Editor's note: SpaceX has delayed the launch of its Crew Dragon in-flight abort test flight to Sunday, Jan. 19, at 8 a.m. EST (1300 GMT). Read our full story.
CAPE CANAVERAL, Fla. — SpaceX will intentionally destroy one of its rockets in the name of safety this weekend.
This is the last major hurdle the company needs to clear before its Crew Dragon spacecraft can begin to ferry astronauts to and from the International Space Station. Scheduled for a 4-hour launch window opening at 8:00 a.m. EST (1300 GMT) Saturday (Jan. 18), the mission stars an unpiloted crew capsule that will blast off atop a Falcon 9 rocket from NASA's Kennedy Space Center here in Florida. (You can watch the flight here at Space.com, courtesy of SpaceX, or directly through the company's YouTube page.) Its goal: to test the spacecraft's emergency escape system.
When NASA's fleet of space shuttles was retired in 2011, the agency shifted its focus to the commercial sector, selecting SpaceX and Boeing as its future space taxi providers. These two companies have worked to build a spacecraft capable of safely carrying crew, under contracts worth a total of $6.8 billion. Once operational, their vehicles — SpaceX's Crew Dragon and Boeing's CST-100 Starliner — will be NASA's primary means of transporting astronauts to space.
But before that can happen, SpaceX has to prove that its Crew Dragon capsule has what it takes to keep astronauts safe during flight. One of the difficult lessons learned from the loss of the space shuttle Challenger in 1986 was that all future crewed vehicles would need emergency escape systems, which the shuttle did not have.
While in-flight anomalies are rare, they do happen. Most recently, October 2018, NASA astronaut Nick Hague and Russian cosmonaut Alexey Ovchinin were carried to safety by a similar abort system when their rocket failed during flight. NASA wants to ensure that, if one of SpaceX's Falcon 9 rockets were to have a similar anomaly, its astronauts would still be brought home safely; this is what the in-flight abort test is all about.
There are two approaches to such escape systems. The spacecraft of the Mercury and Apollo eras, as well as the Russian Soyuz capsule that astronauts ride in today, relied on a rocket that pulled the spacecraft away from its launch vehicle. In contrast, both the Crew Dragon and the Starliner use a built-in system to push the spacecraft to safety.
Embedded within the outer hull of the Dragon capsule are eight engines called SuperDracos. If the vehicle's computer senses that something is amiss during flight, it will trigger these thrusters to fire. Then, the SuperDracos will push the Crew Dragon up and away from the rocket. Once the capsule is at a safe distance from the troubled rocket, the Crew Dragon will deploy its parachutes and land in the Atlantic Ocean, where recovery vessels will retrieve the capsule and the crew.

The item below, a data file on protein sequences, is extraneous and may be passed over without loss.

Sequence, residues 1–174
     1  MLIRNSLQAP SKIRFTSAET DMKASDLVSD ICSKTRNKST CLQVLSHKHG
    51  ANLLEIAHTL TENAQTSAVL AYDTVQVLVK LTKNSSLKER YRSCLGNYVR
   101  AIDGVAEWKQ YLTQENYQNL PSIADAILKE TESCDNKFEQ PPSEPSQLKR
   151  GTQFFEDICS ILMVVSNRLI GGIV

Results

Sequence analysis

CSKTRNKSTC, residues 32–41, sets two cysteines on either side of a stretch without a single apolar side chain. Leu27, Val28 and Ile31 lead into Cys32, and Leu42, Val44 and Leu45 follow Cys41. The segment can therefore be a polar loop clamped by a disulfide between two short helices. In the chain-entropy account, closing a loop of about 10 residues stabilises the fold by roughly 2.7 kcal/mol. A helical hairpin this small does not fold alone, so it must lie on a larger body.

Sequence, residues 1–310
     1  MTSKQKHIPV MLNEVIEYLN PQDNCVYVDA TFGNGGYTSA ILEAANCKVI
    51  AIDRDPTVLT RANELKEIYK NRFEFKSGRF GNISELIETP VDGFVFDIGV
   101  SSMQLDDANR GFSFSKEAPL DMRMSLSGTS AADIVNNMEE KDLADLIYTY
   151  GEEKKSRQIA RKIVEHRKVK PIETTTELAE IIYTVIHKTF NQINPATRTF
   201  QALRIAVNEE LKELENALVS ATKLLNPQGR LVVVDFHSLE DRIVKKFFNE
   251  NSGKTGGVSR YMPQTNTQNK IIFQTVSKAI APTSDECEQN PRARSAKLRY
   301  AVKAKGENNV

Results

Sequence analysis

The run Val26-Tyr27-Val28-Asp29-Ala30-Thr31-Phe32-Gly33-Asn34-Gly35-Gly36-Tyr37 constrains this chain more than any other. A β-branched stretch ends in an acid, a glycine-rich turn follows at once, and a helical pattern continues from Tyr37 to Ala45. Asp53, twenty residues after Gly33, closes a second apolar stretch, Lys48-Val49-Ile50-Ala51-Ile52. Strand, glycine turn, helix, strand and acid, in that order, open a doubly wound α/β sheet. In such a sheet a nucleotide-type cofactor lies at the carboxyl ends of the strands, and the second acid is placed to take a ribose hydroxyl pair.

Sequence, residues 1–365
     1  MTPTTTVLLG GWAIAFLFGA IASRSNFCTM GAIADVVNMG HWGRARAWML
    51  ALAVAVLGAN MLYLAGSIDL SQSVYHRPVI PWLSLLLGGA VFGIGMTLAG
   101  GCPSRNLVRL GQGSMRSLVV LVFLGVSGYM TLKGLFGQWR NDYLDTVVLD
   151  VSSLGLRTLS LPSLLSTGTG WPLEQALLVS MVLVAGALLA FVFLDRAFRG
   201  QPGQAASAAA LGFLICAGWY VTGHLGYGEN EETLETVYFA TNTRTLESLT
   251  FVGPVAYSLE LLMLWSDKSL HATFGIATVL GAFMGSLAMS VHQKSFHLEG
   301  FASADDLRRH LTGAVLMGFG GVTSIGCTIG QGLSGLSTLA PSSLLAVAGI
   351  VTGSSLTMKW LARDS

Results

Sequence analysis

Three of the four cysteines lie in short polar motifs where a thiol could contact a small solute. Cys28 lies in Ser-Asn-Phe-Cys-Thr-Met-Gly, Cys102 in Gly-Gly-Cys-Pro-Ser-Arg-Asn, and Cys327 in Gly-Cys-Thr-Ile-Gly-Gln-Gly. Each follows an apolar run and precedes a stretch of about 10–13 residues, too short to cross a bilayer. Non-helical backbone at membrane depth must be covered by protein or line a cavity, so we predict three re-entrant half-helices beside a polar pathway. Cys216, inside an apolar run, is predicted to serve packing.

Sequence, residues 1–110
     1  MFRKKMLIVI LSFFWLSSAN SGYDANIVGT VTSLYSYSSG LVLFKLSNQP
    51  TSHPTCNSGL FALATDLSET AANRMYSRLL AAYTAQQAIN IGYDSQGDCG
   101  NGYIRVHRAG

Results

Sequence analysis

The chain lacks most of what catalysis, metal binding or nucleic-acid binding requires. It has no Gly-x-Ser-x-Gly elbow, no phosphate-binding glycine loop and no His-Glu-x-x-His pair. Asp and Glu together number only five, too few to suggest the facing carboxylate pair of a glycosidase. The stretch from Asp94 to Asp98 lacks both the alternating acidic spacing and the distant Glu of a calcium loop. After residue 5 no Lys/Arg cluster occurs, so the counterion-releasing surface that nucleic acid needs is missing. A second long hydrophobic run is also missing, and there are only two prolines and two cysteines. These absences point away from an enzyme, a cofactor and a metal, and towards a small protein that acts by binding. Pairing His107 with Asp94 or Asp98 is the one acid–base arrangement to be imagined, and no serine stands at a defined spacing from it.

The company has conducted similar testing on the ground, but this is the first time the company is executing the entire escape process midflight. Here's the breakdown.
A used Falcon 9 rocket, stripped of its iconic landing legs and grid fins, will sit perched atop its launchpad at Kennedy Space Center's historic Launch Complex 39A. The rocket will roar to life at 8:00 a.m. EST (1300 GMT). About a minute and a half after liftoff, the Crew Dragon's SuperDraco engines will fire, separating the capsule from the rocket.
As the capsule is being pushed away, the rocket's main engines will cut off; the Falcon 9 will then fall back to Earth,, breaking apart during its descent. SpaceX will recover the rocket debris at the end of the test, according to a recent NASA statement.
Meanwhile, the capsule's parachutes will allow for a soft landing in the Atlantic Ocean, where recovery teams will be standing by to scoop the vehicle out of the ocean. It is currently unknown where precisely Crew Dragon will splash down in the Atlantic Ocean.
Weather conditions on launch day will impact how much of the action spectators on the Space Coast will see. But fireworks have been advertised: Following a successful test firing of the rocket on Jan. 11, SpaceX CEO and founder Elon Musk tweeted that the Falcon would be "destroyed in Dragon fire."
Saturday's mission will be the fourth and final trip for this booster. In 2018, it made three trips to space, lofting the first Bangladeshi satellite, an Indonesian communications satellite and then an epic rideshare mission that launched an eclectic stack of 64 satellites.
No one will be on board the Crew Dragon during this test, but SpaceX is treating the drill as if it were an actual emergency. To that end, SpaceX outfitted one of its boats with a helicopter landing pad designed to facilitate the recovery of the Crew Dragon during nominal and emergency landings alike.
This test is the last major hurdle that SpaceX must clear before it can launch astronauts. As such, both NASA and SpaceX will be paying close attention to the test. In May 2015, the company conducted a ground-based version of this test, known as a pad abort, designed to mimic an emergency prior to launch. During that test, the system performed exactly as intended.
But not every test has gone according to plan. Last April, while the company was test-firing the Crew Dragon's SuperDraco engines following a brief sojourn at the International Space Station, the capsule exploded. An investigation revealed that a leaky valve caused the anomaly, and SpaceX modified the abort system. The company successfully test-fired the system in November 2019.
Once the Crew Dragon is cleared to carry humans, SpaceX will fly two NASA astronauts, Bob Behnken and Doug Hurley, to the space station for a two-week stay. If that flight goes smoothly, NASA will certify Dragon, and the vehicle will be able to begin regular crewed flights, even carrying international partners.
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